Food research and institutional corruption
The cheerful labels call out as I walk through the supermarket: Quaker Oats “can help reduce cholesterol,” Green Giant veggies “may reduce the risk of heart disease,” and Hershey’s chocolate has “antioxidants,” which I’ve heard are good for you. And do you remember Jamie Lee Curtis teaching us that Activia yoghurt is “clinically proven to help regulate your digestive system in two weeks”? Saturday Night Live did a hilarious sketch about Activia, but I suppose those in need might have concluded the yoghurt works even better than promised.
A couple days ago I participated in a fascinating workshop at Penn State on “Industry Sponsorship and Health-Related Food Research,” sponsored by the Rock Ethics Institute at Penn State and the Edmond J. Safra Center for Ethics at Harvard. It was part of a long-term Safra Center project on institutional corruption.
Institutional corruption goes beyond bribery and other individual illegal acts. It involves ongoing practices, often entirely legal, which undermine the purpose, integrity, or public trust of an institution.
The workshop focused on “functional foods,” which the U.S. Institute of Medicine defines as “any food or food ingredient that may provide a health benefit beyond the traditional nutrients it contains.”
Healers of both respectable and dubious qualification have long touted the medicinal properties of various foods, but U.S. regulatory law used to distinguish fairly clearly between food and drugs. The Nutritional Labeling and Education Act of 1990 blurred this distinction by allowing food labels to include FDA-approved health claims, which must be supported by “significant scientific agreement.”
Scientific agreement is often lacking, so food companies often resort to qualified health claims (“some evidence suggests . . . may reduce risk of”), and increasingly they rely on vague “structure-function” claims (“calcium builds strong bones”), or nutrient content claims (“Omega-3 eggs”). These last two kinds of claims avoid depressing talk of disease, and they don’t burden consumers with wordy qualifications. They also don’t require FDA notification or approval. Producers must provide scientific evidence upon request, but so far the FDA has issued only two warning letters about structure-function claims. The European Union, in contrast, requires prior government approval for any health or nutrition claim in food marketing.
University-industry partnerships play a big role in research on functional foods. Press releases simplify the research conclusions, and the media produce sensationalized coverage of the latest wonder food. Evidence suggests that industry-funded studies tend to reach conclusions favorable to industry. That doesn’t mean the conclusions are always wrong, but the research requires more careful public scrutiny.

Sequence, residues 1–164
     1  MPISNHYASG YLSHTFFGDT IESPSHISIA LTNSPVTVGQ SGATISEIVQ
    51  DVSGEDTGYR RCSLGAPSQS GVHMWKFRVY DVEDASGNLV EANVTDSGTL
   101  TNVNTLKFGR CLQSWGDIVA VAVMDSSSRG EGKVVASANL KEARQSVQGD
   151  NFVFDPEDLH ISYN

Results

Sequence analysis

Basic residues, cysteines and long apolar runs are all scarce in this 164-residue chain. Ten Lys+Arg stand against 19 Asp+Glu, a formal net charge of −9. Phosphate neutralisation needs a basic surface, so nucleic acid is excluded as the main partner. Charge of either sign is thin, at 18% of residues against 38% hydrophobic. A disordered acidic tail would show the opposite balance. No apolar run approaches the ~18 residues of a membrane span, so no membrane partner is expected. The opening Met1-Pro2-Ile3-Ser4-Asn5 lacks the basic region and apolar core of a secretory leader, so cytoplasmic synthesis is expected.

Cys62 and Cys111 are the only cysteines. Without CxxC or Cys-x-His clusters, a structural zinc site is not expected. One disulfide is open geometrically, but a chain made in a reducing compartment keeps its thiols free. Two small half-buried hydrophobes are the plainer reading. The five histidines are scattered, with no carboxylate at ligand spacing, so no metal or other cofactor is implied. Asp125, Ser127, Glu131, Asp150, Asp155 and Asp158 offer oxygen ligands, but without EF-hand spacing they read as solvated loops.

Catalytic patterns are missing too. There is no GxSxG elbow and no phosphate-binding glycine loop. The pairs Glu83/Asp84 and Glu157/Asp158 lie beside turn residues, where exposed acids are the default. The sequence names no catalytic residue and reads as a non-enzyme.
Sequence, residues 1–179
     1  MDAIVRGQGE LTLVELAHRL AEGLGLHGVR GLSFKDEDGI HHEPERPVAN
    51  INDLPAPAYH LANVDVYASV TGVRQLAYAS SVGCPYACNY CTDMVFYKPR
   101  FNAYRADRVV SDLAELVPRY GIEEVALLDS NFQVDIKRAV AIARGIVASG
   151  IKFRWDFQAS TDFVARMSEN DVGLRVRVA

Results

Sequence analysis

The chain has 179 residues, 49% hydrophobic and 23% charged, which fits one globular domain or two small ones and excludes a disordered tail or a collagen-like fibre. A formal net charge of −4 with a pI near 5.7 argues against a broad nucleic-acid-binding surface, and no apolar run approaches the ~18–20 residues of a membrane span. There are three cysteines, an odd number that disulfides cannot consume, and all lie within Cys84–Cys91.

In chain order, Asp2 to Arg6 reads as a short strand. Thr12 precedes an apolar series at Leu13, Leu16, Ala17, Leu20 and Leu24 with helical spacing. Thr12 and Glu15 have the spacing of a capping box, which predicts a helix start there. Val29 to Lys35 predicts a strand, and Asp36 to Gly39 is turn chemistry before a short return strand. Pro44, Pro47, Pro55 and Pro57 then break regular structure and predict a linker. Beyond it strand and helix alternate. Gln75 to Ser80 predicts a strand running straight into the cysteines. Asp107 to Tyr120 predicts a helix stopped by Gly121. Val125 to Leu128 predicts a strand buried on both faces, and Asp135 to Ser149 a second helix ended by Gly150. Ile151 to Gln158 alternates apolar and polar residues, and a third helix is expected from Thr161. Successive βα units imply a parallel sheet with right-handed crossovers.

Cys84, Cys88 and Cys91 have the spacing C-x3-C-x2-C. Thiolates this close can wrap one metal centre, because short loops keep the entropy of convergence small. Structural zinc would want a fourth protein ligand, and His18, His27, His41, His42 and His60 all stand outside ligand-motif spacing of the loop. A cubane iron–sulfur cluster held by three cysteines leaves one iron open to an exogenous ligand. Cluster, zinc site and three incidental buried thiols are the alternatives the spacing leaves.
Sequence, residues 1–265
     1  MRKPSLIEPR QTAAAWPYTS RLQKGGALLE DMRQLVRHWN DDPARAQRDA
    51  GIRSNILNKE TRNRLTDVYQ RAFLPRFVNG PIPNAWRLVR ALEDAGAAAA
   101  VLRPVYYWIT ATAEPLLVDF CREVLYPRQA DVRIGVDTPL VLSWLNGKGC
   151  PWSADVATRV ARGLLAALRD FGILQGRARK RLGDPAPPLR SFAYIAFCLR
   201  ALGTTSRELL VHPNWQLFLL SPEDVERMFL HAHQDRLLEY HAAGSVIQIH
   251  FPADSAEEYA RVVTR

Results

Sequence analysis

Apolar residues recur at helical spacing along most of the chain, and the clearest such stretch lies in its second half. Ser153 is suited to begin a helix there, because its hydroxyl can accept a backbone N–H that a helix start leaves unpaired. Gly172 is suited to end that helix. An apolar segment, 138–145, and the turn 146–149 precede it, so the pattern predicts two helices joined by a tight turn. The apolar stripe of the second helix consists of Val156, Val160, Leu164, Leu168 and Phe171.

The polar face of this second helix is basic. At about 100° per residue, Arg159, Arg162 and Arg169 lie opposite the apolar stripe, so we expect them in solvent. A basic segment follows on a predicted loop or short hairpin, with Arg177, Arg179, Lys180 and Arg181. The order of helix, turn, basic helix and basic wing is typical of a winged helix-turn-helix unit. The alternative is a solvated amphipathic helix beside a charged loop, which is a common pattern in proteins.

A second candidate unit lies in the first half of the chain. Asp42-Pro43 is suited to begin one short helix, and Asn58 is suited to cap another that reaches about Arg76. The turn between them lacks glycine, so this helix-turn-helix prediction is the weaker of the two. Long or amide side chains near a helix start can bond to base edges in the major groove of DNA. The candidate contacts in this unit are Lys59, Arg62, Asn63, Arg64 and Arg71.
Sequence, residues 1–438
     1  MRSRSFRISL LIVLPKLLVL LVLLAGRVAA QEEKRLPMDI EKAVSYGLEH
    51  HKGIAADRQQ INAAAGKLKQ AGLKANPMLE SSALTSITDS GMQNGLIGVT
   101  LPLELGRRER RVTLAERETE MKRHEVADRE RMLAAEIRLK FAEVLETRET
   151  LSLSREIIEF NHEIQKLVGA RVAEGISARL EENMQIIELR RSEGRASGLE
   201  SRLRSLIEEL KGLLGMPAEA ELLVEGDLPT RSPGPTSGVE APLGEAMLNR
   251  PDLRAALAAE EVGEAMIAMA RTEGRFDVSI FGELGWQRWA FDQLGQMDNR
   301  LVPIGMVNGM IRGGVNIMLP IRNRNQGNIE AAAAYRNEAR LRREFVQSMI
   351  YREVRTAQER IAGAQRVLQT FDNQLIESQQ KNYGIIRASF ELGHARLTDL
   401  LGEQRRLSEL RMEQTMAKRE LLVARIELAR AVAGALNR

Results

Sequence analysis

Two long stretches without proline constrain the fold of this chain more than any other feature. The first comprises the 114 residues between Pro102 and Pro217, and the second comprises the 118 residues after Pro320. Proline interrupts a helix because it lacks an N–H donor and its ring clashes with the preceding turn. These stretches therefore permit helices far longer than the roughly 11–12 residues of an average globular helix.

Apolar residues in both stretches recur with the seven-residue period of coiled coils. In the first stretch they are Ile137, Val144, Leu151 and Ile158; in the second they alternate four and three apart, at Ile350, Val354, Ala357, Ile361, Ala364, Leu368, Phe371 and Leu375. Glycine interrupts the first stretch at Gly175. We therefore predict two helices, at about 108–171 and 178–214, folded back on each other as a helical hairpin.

Moreover, the problem is not only biased evaluation of evidence, but the type of questions that researchers ask in the first place. Most research on functional foods examines only potential benefits, neglecting potential risks. If people substitute a functional food (“antioxidant chocolate”) for other food or behavior (exercise), they may end up worse off than before. Dannon claimed that Activia promotes “regularity,” but the company didn’t mention that the yoghurt does so only if you eat at least three containers per day. (In an unusual move, the Federal Trade Commission charged Dannon with deceptive advertising, and the company agreed to pay $21 million and to stop making such health claims without FDA approval.)
What to do? Improved conflict-of-interest guidelines may help. Food research is increasingly global, and the Singapore Statement on Research Integrity suggests a set of global standards. But such guidelines and standards remain empty gestures if they aren’t supported by institutional changes. Possible institutional measures include research programs on potential negative effects of functional foods, a certification system for independent public-interest food scientists, and improved government regulation of functional food claims.
More broadly, I wonder how to promote research and education on functional foods without succumbing to the common image of food as technology. I once heard a French chef say that after dinner American parents ask their kids if they got enough to eat, whereas French parents ask how the food tasted. Despite their promise, we shouldn’t let functional foods obscure the cultural and aesthetic dimensions of what and how we eat.